DANVILLE - Oftentimes, by the time an abdominal aortic aneurysm is discovered, it is already too late. Abdominal aortic aneurysms typically show no symptoms until they burst. When they do rupture, less than 50 percent of people survive the episode.
"Abdominal aortic aneurysms develop slowly over the course of many years in the blood vessel that supplies blood to the abdomen and legs. They typically develop without symptoms, so prior to one rupturing, it is primarily only detectable by an ultrasound or CT scan," said James Elmore, M.D., FACS, director of endovascular surgery for Geisinger Health System. "Therefore, we recommend those who display some of the risk factors for abdominal aortic aneurysms to undergo at least one aortic ultrasound in an attempt to discover the aneurysm before it ruptures."
According to Dr. Elmore, many of the risk factors that lead to abdominal aortic aneurysms, such as smoking, high blood pressure, high cholesterol and heart disease, can be attributed to lifestyle. However, not all risk factors can be helped by altering lifestyle since genetic factors play a key role in the development of abdominal aortic aneurysms. Aneurysms occur most often in men over 60 and in those with a family history of aneurysms.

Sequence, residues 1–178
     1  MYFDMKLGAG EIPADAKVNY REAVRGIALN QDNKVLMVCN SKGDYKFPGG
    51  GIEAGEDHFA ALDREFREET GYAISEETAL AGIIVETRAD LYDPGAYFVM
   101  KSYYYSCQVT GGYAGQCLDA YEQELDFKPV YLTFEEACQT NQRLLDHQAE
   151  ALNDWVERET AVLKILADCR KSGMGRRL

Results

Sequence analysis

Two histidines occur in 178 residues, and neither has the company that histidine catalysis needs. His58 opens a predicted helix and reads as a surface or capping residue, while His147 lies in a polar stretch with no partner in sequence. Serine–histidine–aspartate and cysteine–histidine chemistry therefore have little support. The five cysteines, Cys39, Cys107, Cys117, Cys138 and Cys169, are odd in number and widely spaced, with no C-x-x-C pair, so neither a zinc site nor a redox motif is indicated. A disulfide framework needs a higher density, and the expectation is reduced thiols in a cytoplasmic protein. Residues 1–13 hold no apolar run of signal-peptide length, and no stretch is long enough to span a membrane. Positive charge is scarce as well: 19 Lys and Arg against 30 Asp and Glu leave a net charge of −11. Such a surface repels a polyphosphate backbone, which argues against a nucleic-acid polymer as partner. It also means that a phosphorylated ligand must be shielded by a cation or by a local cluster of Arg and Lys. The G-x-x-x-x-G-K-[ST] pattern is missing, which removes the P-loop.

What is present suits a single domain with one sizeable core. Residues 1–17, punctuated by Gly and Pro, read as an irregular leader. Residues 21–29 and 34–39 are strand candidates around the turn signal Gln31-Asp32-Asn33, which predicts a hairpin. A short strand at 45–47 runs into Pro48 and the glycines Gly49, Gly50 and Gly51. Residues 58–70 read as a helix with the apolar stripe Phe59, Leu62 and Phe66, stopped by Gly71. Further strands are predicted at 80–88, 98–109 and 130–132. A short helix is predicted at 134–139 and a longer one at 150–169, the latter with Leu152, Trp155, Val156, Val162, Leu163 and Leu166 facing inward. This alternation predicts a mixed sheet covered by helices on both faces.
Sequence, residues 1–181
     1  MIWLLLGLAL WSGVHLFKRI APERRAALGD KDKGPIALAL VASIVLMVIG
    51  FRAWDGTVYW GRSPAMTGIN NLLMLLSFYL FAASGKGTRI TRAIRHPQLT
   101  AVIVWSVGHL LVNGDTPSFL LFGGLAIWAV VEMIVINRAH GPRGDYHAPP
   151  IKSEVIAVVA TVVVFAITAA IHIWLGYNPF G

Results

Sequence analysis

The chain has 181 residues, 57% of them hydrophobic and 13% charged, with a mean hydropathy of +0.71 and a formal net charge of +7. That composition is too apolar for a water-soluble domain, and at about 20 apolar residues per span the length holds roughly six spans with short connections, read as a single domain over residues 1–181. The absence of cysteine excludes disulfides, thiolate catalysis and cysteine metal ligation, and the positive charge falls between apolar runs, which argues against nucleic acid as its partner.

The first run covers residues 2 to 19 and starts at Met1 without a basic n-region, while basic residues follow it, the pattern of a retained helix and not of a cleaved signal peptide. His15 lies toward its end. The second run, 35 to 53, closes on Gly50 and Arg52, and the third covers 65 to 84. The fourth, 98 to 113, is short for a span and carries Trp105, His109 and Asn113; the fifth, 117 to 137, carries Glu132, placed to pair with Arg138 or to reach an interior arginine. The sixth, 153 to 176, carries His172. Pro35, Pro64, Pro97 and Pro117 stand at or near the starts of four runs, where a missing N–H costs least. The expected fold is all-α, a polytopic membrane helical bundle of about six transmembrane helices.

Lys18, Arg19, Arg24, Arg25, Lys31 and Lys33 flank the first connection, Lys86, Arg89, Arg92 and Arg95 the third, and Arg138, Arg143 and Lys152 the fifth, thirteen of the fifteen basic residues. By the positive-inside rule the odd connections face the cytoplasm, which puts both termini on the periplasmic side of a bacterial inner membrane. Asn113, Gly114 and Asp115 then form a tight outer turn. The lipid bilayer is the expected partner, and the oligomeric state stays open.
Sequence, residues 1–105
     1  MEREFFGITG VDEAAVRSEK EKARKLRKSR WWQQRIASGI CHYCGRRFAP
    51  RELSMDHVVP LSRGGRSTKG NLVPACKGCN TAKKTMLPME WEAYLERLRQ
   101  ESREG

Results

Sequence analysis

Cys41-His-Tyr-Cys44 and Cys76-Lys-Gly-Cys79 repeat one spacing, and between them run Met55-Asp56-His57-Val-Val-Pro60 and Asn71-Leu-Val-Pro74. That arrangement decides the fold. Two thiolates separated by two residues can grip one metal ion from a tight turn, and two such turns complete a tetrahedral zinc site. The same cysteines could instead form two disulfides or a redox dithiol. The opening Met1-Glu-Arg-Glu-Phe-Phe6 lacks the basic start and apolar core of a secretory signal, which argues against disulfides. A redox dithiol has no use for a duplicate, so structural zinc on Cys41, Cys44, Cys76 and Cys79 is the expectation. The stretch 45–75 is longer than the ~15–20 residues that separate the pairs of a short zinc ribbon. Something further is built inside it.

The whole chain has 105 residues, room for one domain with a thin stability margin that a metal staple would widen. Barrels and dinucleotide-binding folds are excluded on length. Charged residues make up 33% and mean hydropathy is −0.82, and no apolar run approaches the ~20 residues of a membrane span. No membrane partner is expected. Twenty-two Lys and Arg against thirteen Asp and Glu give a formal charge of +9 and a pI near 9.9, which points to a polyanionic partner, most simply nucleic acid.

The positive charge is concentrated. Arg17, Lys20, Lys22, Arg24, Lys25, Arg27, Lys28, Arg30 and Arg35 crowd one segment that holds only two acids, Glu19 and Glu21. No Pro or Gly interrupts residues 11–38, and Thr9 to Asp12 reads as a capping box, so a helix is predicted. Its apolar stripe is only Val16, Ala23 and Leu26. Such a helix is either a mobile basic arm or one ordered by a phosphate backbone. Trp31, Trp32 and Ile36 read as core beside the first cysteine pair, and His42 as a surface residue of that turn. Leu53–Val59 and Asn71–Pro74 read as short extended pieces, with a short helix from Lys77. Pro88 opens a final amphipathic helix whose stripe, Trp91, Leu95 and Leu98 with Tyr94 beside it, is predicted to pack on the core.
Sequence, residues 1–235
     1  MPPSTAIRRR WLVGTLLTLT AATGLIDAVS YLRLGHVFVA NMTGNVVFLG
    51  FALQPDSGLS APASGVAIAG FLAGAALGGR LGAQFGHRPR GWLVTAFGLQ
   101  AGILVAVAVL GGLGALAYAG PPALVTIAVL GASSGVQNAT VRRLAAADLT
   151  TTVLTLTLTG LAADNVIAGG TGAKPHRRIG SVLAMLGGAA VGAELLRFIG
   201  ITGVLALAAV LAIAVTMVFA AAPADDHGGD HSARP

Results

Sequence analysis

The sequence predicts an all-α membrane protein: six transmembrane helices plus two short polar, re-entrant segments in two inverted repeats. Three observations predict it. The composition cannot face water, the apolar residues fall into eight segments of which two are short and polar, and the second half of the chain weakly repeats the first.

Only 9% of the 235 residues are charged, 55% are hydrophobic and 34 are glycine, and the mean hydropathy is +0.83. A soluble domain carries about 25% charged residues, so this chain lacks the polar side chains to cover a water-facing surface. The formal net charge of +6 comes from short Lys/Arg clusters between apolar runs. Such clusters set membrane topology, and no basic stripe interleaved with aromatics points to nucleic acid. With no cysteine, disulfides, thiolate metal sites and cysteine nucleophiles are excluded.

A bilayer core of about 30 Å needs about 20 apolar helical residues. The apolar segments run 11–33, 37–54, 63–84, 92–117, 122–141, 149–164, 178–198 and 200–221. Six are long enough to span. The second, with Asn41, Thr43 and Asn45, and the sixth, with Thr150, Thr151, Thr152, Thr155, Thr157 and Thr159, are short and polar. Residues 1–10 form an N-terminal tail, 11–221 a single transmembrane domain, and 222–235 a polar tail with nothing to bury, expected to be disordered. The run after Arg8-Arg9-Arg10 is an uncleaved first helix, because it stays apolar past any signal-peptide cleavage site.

"Given that abdominal aortic aneurysms are difficult to detect in a routine examination, we, as physicians, try to monitor a patient's risk factors and determine if he or she would benefit from a screening ultrasound," said Dr. Elmore.
When an abdominal aortic aneurysm bursts, it is a true medical emergency. It occurs when the aorta grows large and bleeds out like a "bad spot" on an inner tube of a tire, Dr. Elmore said. These patients present with abdominal and low back pain.
"The ultimate goal is to detect abdominal aortic aneurysms before they rupture, but if they aren't found early and someone experiences the systems of a rupture, it's imperative they call 911 as quickly as possible," said Dr. Elmore. "If discovered in time, surgery can correct abdominal aortic aneurysms."
Most surgeries performed today are done with stent grafts that are minimally invasive and usually require a one-night stay in the hospital for elective aortic aneurysm repair. These stents can be placed with small incisions. Patients recover quickly and can generally resume full activity in one to two weeks.